Luca Turin, an olfactory scientist who with his wife, Tania Sanchez, is the author of Perfumes: The Guide, concurs with De Nicolaï’s version of L’Heure Bleue’s genealogy but includes the detail of the “tremendous rivalry” between Guerlain and François Coty. “L’Heure Bleue was Jacques Guerlain trying to outdo Coty,” he says.
Before sitting down to write César Birotteau, an 1837 novel chronicling the rise and fall of a perfumer, Honoré de Balzac had asked Pierre-François-Pascal Guerlain to compose a fragrance for him. Throughout the book’s writing, the bottle never left his desk. Truman Capote was another writer who couldn’t get enough of Guerlain. In his stories are references to not only L’Heure Bleue but also Mitsouko, Jicky, and Fleurs des Alpes. My favorite reference is in “Unspoiled Monsters” from Answered Prayers, in which Capote describes a visit to Colette’s apartment:
The room smelled of her perfume…at some point I asked what it was, and Colette said: “Jicky. The Empress Eugénie always wore it. I like it because it’s an old-fashioned scent with an elegant history, and because it’s witty without being coarse—like the better conversationalists. Proust wore it. Or so Cocteau tells me.”
Reading this sent me at lightning speed to a department-store Guerlain counter, where I doused myself in Jicky, concocted in 1889 by Jacques’s uncle, Aimé Guerlain. I marveled at the possibility of knowing how Colette—and for that matter, Jacqueline Kennedy Onassis—smelled, and smelling that way myself.
Although my obsession with L’Heure Bleue continues on, the French teacher responsible for it faded into memory until three years ago, when I walked into a restaurant. Other than the fact that her hair now matched the gray of her pencil skirt, she was unchanged. She smiled quizzically when I said hello. When I told her my name and that I had been her student, she put out her hand—same bangle, same gold wedding band—and introduced me to her husband and son. She asked about my life and said she had retired. Just then, the waiter brought their dinner and I put out my hand to say goodbye. She stood up and embraced me, enveloping me in L’Heure Bleue. Somehow, transmitted from her to me, it smelled so beautiful.
For me, L’Heure Bleue is an elixir containing notes of the past, autonomy, and inspiration. The fact that I do not wear it does seem like a failure of grown-upness, to not have become the woman I planned to be. But then, these days I am more likely to concur with Colette not on her choice of perfume but on something else she told Capote: “To be a grown-up person…is the one thing none of us can ever be.”
Perhaps I had it right when I was a child, that the whole idea of being grown-up was an imaginative act. But I have yet to find anything that primes my imagination better than L’Heure Bleue. As I write this, that bottle is sitting just beside me, a reminder of how I’ve tried and continue trying to unlock the secrets of being a woman and the message in that bottle. (For the record, I wear Calèche by Hermès. But that’s another story entirely.)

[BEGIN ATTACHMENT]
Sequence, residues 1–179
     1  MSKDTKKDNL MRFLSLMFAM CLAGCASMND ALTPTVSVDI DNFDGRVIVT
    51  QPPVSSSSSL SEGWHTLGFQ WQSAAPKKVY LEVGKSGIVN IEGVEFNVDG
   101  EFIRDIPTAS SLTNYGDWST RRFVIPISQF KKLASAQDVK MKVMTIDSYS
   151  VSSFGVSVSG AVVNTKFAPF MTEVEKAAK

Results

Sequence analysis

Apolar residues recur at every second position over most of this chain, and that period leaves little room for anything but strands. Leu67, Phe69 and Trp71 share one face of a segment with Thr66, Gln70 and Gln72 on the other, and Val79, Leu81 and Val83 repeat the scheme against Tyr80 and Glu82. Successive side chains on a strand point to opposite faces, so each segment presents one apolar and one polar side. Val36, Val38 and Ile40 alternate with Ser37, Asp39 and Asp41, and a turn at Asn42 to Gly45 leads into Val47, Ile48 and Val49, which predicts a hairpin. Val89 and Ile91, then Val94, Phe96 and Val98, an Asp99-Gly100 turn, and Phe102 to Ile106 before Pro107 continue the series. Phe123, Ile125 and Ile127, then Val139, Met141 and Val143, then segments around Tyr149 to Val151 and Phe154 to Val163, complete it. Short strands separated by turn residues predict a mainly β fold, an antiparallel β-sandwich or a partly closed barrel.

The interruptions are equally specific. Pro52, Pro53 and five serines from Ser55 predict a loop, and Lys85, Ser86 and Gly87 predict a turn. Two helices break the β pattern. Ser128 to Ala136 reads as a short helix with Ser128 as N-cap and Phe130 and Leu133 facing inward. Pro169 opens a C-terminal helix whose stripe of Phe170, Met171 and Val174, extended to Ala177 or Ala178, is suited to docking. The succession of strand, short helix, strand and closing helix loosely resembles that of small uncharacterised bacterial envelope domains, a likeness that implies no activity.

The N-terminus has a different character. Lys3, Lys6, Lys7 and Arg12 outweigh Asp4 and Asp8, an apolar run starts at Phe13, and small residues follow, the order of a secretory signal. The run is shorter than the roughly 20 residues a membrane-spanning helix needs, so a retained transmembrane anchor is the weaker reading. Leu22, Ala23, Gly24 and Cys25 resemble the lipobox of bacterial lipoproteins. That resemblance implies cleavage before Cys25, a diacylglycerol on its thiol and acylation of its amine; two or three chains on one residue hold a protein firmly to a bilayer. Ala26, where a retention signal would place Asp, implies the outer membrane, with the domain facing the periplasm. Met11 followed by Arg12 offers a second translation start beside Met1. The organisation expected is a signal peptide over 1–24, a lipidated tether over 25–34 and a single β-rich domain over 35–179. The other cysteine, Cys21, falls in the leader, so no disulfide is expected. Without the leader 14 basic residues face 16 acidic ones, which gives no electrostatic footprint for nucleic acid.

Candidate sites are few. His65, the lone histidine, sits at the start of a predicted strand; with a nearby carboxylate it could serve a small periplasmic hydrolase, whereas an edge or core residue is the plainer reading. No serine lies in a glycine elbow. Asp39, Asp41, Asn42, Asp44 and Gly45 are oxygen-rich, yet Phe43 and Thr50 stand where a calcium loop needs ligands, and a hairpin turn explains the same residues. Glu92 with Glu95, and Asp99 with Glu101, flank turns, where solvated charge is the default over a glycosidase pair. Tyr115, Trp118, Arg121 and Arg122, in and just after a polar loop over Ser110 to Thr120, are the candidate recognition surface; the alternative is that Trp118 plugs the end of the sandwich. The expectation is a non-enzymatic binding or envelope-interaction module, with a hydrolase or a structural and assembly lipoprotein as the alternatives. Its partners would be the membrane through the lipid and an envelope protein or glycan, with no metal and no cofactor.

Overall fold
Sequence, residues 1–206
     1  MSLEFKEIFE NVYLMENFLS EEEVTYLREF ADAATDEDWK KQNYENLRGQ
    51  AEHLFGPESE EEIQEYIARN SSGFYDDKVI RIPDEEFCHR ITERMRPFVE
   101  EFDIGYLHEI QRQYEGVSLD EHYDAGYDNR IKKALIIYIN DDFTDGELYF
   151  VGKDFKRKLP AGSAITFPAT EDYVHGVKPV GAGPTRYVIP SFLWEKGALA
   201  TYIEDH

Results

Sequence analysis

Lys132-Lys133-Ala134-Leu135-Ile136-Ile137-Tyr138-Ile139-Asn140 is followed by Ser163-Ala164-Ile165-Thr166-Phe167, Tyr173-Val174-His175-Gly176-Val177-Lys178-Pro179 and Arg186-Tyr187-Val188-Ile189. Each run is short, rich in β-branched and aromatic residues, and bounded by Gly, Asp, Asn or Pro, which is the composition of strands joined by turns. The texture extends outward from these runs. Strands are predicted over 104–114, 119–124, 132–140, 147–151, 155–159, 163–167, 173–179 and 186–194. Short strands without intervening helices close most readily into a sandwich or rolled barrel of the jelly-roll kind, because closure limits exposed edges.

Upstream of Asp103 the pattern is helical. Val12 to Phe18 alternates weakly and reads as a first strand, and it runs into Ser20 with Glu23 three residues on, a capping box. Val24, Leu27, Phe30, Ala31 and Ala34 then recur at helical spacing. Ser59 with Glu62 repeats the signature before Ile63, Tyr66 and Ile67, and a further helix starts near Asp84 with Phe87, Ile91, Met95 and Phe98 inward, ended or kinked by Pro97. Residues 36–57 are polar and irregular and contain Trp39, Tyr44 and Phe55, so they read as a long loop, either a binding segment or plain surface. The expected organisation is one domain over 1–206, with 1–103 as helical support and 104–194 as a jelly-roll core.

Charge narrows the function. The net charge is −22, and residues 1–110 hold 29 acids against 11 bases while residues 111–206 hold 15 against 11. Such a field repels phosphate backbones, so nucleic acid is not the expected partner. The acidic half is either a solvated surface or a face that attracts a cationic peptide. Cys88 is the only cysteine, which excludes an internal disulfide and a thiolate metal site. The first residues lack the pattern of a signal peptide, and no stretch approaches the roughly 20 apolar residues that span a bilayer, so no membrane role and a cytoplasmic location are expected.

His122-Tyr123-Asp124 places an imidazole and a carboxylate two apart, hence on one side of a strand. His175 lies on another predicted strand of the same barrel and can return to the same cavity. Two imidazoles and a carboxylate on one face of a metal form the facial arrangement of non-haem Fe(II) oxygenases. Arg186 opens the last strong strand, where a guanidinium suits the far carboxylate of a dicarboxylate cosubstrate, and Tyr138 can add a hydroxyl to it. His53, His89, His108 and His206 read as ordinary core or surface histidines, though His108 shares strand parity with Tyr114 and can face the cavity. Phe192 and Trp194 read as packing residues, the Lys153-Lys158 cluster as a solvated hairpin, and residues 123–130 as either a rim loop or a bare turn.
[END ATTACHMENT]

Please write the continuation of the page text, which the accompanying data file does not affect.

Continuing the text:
Even though Coco Chanel took the credit, it was actually the poet Paul Valéry who said, “A woman who doesn’t wear perfume has no future.” Here, five long-running classic perfumes that have given women the world over fragrant prospects indeed.
Chanel N° 5, 1921
Coco Chanel and her perfumer Ernest Beaux formulated Chanel’s first fragrance to last. Until N° 5, perfume had to be doused on frequently or the scent would fade away. Synthetic floral aldehydes, which Chanel was first to use, give it its staying power. Marilyn Monroe’s 1954 retort to a journalist who asked her what she wore in bed—“a few drops of N° 5”—didn’t hurt its endurance.
Top notes: ylang-ylang, neroli, aldehydes
Mid notes: May rose, Grasse jasmine
Base notes: sandalwood, vetiver, Bourbon vanilla
Joy, Jean Patou, 1930
Jean Patou and his perfumer, Henri Almeras, hit on the highly concentrated Joy when Patou gave Almeras the go-ahead to create a break-the-bank scent; just one ounce contains 10,600 jasmine blossoms and 336 Bulgarian roses. For decades it held a solid claim to its tagline, the “costliest perfume in the world.”
Top notes: Bulgarian rose, ylang-ylang, tuberose
Mid and Base notes: Grasse jasmine, May rose
Miss Dior, 1947
Christian Dior’s favorite flower was lily of the valley, so that’s where he turned in 1947 when he considered the first fragrance for his newly launched maison de couture. Its woody notes give it a slightly masculine slant, but the women who wore it, Grace Kelly and Babe Paley among them, were paragons of femininity and style.
Top notes: bergamot, gardenia, galbanum
Mid notes: rose, jasmine, lily of the valley
Base notes: patchouli, oak moss, amber, sandal- wood, vetiver
Fracas, Robert Piguet, 1948
Marlene Dietrich’s signature scent turns 60 this year. Although Robert Piguet—the couturier who with France’s first parfumeuse, Germaine Cellier, created Fracas—closed his legendary house in 1951, the scent lives on, as do the reputations of the many young apprentices he hired, including Christian Dior, Hubert de Givenchy, and James Galanos. Piguet knew how to make an enduring classic, whether perfume or clothes; it was he who designed Edith Piaf’s trademark little black dress.
Top notes: bergamot, mandarin
Mid notes: jasmine, tuberose, gardenia
Base notes: sandalwood, musk
L’Air du Temps, Nina Ricci, 1948
Also for 60 years two Lalique doves have hovered over a crystal bottle as its contents graced a staggering number of pulse points. (The exclusive Lalique black crystal 60th-anniversary edition is shown here.) A bottle is sold somewhere in the world every 15 seconds. Creator Robert Ricci said he saw fragrance as “a protection in the same way as a veil. It shelters the wearer inside a fragranced aura.”
Top notes: carnation, gardenia
Mid notes: jasmine, Centifolia rose
Base notes: Mysore sandalwood, Florentine iris